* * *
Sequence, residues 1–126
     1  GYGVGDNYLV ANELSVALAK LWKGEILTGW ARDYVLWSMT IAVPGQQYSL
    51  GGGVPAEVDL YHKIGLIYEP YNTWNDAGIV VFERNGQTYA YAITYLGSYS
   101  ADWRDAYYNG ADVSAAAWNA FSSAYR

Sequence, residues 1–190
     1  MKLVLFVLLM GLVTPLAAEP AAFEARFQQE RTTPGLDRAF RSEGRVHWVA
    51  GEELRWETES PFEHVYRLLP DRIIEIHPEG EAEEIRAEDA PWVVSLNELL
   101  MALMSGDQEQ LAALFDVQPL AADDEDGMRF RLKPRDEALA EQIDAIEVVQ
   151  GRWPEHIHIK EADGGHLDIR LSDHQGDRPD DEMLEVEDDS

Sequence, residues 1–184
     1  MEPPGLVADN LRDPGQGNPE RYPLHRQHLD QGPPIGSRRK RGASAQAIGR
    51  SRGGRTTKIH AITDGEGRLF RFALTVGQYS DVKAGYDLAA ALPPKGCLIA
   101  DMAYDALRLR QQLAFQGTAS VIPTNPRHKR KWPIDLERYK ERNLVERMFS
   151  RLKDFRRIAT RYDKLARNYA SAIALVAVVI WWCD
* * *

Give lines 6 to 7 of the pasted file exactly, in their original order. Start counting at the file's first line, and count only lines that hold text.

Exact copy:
     1  MKLVLFVLLM GLVTPLAAEP AAFEARFQQE RTTPGLDRAF RSEGRVHWVA
    51  GEELRWETES PFEHVYRLLP DRIIEIHPEG EAEEIRAEDA PWVVSLNELL